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By Denise Lugo
Companies that don’t expect new revenue rules to have significant influence on their financial reporting must still conduct much of the same extensive analysis and modeling as those for whom it will affect their economic results.
Financial statement preparers might have underestimated the level of effort required to implement the rules, chief accountants at a Financial Accounting Standards Board Advisory Council meeting said.
“The point about it not being material doesn’t mean the work to get there is not significant or material,” Ted Timmermans, vice president, controller and chief accounting officer of energy company The Williams Companies Inc., said. “Even though the business model may be fairly simple, from the outside the variety of contracts is significant,” he said.
Financial items or data are generally considered to be material if they can influence the economic decision of investors.
Though company contracts can be similar, they still have to be evaluated to determine the effects, if any, of the rules, according to the discussions, which focused on pace of change and implementation efforts of the new rules.
There are “a lot of them, but there are distinct differences and until you look at each one of them you don’t feel like you’ve really gone through the exercise—so that’s been a lot of the work, but by doing that you harvest out where the greater issues are,” Timmermans said at the Dec. 14 FASB council meeting.
The new revenue standard, Revenue from Contracts with Customers, ASC 606, takes effect Jan. 1 for public companies. It changes the way companies report earnings—a key metric used by investors to analyze profitability and financial health of a company.
Most companies still haven’t yet completed their implementation process for adoption, the discussions indicated.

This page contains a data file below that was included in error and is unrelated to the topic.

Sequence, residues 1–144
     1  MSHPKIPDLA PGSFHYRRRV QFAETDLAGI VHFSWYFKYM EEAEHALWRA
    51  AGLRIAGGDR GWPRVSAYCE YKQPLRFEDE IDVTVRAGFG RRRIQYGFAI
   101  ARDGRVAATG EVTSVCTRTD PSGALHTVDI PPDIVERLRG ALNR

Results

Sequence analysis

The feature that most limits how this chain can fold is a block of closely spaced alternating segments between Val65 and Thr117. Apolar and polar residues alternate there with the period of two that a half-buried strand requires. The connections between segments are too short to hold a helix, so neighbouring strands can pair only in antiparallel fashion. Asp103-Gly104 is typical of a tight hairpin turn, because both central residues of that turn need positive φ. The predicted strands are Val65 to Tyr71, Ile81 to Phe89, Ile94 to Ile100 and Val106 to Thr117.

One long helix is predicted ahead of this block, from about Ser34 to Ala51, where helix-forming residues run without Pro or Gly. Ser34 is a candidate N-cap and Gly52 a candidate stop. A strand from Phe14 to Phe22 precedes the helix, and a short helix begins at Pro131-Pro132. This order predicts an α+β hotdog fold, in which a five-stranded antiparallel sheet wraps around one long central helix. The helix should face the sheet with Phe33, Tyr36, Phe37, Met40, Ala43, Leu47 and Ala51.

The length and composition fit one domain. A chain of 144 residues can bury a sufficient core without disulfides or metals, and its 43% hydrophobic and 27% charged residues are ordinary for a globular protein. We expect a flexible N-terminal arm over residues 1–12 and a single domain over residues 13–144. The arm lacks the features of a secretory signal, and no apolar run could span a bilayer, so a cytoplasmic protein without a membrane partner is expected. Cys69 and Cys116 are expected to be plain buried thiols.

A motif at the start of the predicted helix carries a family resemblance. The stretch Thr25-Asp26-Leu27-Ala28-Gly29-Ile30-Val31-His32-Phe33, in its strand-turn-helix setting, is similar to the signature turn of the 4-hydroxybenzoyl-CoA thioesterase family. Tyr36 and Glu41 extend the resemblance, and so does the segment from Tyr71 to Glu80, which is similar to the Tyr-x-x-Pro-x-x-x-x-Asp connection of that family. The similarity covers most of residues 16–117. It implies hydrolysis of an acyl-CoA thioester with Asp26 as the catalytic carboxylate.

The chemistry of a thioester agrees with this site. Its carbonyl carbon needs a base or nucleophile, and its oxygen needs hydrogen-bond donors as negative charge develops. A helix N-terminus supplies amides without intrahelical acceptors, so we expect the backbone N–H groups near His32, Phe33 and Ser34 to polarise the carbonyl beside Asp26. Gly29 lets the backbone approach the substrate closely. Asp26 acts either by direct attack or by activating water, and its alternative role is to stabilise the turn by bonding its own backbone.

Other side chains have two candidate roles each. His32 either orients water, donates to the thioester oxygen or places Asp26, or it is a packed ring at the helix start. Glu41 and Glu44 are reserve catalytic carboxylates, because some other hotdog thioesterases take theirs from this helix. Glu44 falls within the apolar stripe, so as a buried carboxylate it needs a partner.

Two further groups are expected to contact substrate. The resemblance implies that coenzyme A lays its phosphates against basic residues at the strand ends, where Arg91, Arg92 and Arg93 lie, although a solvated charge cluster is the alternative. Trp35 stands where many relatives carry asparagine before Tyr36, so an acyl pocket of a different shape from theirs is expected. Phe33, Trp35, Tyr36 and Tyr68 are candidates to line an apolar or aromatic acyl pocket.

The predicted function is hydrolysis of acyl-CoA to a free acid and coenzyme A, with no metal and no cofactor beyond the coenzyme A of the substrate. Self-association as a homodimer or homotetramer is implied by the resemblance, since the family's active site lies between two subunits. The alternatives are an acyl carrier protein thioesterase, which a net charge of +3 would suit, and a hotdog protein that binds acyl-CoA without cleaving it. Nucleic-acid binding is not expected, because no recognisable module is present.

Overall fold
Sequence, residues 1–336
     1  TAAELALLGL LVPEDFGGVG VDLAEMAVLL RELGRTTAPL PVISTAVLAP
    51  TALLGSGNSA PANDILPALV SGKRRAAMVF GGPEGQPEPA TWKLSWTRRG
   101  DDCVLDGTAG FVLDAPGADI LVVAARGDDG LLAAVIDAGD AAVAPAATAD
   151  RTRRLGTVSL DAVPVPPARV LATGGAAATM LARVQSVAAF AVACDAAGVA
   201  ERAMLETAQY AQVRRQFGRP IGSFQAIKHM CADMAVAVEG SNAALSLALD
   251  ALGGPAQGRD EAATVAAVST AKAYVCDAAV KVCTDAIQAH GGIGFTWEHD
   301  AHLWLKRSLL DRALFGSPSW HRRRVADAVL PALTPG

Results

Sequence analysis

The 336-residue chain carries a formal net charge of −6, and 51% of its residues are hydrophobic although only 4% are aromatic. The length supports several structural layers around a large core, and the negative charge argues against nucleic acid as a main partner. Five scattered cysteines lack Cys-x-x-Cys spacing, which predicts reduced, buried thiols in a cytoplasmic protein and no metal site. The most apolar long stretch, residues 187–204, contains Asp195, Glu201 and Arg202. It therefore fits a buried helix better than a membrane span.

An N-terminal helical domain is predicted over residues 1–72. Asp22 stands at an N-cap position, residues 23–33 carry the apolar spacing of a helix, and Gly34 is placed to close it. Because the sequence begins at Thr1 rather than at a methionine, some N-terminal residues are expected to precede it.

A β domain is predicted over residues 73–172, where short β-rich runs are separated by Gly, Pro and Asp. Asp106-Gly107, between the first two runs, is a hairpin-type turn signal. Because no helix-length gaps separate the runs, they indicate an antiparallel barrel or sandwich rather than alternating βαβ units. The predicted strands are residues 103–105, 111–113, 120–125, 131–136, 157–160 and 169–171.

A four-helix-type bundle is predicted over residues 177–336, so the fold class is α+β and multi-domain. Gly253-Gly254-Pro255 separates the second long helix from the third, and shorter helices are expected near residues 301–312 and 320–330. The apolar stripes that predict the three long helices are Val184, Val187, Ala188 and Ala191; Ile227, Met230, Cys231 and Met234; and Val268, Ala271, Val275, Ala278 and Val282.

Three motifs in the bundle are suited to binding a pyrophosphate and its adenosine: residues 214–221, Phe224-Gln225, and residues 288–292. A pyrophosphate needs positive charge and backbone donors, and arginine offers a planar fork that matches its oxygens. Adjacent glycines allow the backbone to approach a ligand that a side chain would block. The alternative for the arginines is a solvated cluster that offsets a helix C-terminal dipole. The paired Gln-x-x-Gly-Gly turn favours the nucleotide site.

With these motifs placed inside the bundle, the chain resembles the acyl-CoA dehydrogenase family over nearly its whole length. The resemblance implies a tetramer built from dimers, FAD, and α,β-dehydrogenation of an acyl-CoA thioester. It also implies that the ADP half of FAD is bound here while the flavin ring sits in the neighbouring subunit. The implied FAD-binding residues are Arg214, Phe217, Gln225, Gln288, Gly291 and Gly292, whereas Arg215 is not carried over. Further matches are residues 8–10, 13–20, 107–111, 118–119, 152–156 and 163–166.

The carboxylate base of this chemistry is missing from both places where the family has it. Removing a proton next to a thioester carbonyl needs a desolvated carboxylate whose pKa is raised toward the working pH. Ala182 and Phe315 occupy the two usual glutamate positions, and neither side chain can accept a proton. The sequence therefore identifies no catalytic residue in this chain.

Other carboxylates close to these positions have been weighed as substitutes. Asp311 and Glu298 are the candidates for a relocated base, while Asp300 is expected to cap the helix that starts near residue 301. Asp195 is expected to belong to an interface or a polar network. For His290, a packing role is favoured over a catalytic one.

A recent Deloitte LLP study of a sampling of companies’ third-quarter disclosures on the impacts of the new rules, for example, found only 15 percent of those surveyed substantially completed the implementation of the revenue recognition standard.
More than 50 percent of those companies who disclosed the financial impact said it would be immaterial, Dave Sullivan, national managing partner—quality and professional practice at Deloitte, said during the meeting. “All of them would agree the disclosure impact is not insignificant—those that adopted early found that to be one of the more time consuming areas,” he said.
Some of the amendments FASB made after issuing the standard might have slowed down the implementation process for some companies, the discussions indicated. “We’re not there yet, but there has to be enough time and I’m sure we’ll get there,” said Sean Miller, vice president of technical accounting at Sony Pictures Entertainment, a subsidiary of Sony Corp.
Miller said portions of the standard that were amended made the adoption timeline tighter.“ Going across the business—there’s tens of thousands of contracts, millions of customer transactions—to find those needles in a haystack that have those quirks that cause a change is pretty time consuming,” he said.
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